Tuesday, 30 November 2010

Is Brisbane Cooling – Australian Property Market – November 2010 Update

The Australian Bureau of Statistics (ABS) in November published both its House Price Index and its Average Weekly Earnings Index. Let’s therefore have a look if the country which both avoided recession and seems to have a Central Bank that is interested in controlling inflation but which to me looks like it has a bubble of a property market is still as bullish. I say has an interest in controlling inflation. The RBA has been steadily raising its cash target rate over the last year and a half to 4.75%. This is in stark contrast to the Bank of England’s 0.5% who as I’ve described before has no interest in sticking to their inflation remit with inflation now above target for about 40 of the last 50 months. Regular readers of course know that I keep a close eye on Australia as it is still a potential “retirement” location for me even if £1 today only buys a poorly $1.6199.

Sunday, 28 November 2010

There’s still plenty of time for -60% – History of Severe Real S&P 500 Stock Bear Markets – November 2010 Update

I haven’t updated my History of Severe Real S&P500 Stock Bear Markets since August 2010. At that time QE Lite had only recently been announced. That strategy kept the dead US patient alive for 3 short months before the next load of stimulus, Money Printing 2 (sorry Quantitative Easing 2). Let’s put the $600 billion involved in QE2 into perspective. It’s the equivalent of $1,950 for every US man, woman and child. I was always taught “that nothing comes for free”. In parallel to this I also can’t help but think about Newton’s first law, “every action has an equal and opposite reaction”. As an Average Joe I’m just wondering what the penalty and opposite reaction will be. I guess time will tell but I still can’t help thinking it’s not going to be good.

Thursday, 25 November 2010

It must be nearly bonus time and the S&P 500 cyclically adjusted PE (PE10 or CAPE) – November 2010 Update

If you’re a bank, particularly a bailed out tax payer owned bank, who’s about to pay out £7 billion or so in bonuses (which is the equivalent of £113 for every man, woman and child in the UK), while everyone else in the country is going through austerity and slowly being made redundant, then you have a seriously hard sell on your hands if you don’t want to be lynched. Before announcing the bonuses you need to get your PR machine into gear and show the general public that you’re not immoral or greedy but instead a warm and loveable organisation who cares about the general public and wants to help society as a whole.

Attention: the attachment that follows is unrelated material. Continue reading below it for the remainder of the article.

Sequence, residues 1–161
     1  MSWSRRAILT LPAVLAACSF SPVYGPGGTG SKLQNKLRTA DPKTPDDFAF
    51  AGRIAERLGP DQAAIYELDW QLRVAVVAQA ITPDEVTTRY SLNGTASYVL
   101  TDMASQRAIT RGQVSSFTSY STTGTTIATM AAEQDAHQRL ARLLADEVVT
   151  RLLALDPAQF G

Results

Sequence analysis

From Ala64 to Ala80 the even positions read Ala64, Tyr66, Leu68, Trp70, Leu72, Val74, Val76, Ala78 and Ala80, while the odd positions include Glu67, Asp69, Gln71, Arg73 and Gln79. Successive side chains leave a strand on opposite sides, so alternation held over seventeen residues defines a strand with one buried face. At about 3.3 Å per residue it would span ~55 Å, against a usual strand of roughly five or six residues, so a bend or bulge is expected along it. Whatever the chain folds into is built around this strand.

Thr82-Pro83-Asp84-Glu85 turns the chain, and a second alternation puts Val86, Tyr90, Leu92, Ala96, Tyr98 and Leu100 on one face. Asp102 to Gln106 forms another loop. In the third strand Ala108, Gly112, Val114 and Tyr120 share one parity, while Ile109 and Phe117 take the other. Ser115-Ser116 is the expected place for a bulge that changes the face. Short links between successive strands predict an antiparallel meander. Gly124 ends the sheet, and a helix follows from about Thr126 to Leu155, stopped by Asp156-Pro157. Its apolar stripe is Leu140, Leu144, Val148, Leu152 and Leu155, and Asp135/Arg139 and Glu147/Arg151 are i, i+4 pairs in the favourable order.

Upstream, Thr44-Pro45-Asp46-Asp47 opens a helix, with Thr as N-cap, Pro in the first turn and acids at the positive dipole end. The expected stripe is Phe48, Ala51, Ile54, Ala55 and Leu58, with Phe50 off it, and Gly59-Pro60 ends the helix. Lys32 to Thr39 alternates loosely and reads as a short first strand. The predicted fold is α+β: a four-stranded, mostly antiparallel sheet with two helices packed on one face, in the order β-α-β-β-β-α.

Sunday, 7 November 2010

A significant milestone plus the ASX 200 cyclically adjusted PE ratio – November 2010 Update

I blog for many reasons including to engage with/learn from like minded people, to hold myself to account, to ensure I stay on the mechanical investing path I have set myself and to chart my progress to retirement to name but four reasons. Charting my progress to retirement hit a significant milestone this week. Those with a keen eye who spend time on Retirement Investing Today will be familiar with a small chart on the bottom half of the left hand sidebar which asks “How close am I to optional work (retirement)?”. That chart has now hit a significant milestone passing over the 50% mark for the first time. Looking at my forecast today has me projecting retirement in less than 5 years at my current rate of progress. Sometimes it is really difficult to stay the course and continually month after month save up to 60% of your salary while friends and family have the latest television or mobile phone. However it’s days like today that make my strategy highly satisfying. Knowing I have no debt, are well on the way to financial freedom and at current rates will see “retirement” in my early 40’s has me smiling.

Saturday, 6 November 2010

Happy birthday to me and the FTSE 100 cyclically adjusted PE ratio – November 2010

Since my last post I’ve aged one more year. This has meant that in addition to spending enjoyable time with family and having one too many pieces of birthday cake I’ve also taken time out to assess the level of risk I want to hold in my low charge portfolio. As I’ve explained many times in the past (start here if you’d like to know the basics of my strategy) (http://retirementinvestingtoday.blogspot.com/2009/12/building-my-low-charge-investment.html ) my strategy is largely mechanical and centred around a basic strategic asset allocation of 28% ‘low’ risk (bonds) assets and 72% ‘high’ risk (equities) assets. This was then modified to add additional asset classes and to clarify exactly what I mean by bonds and equities. At the end of this process I ended up with a target strategic allocation of: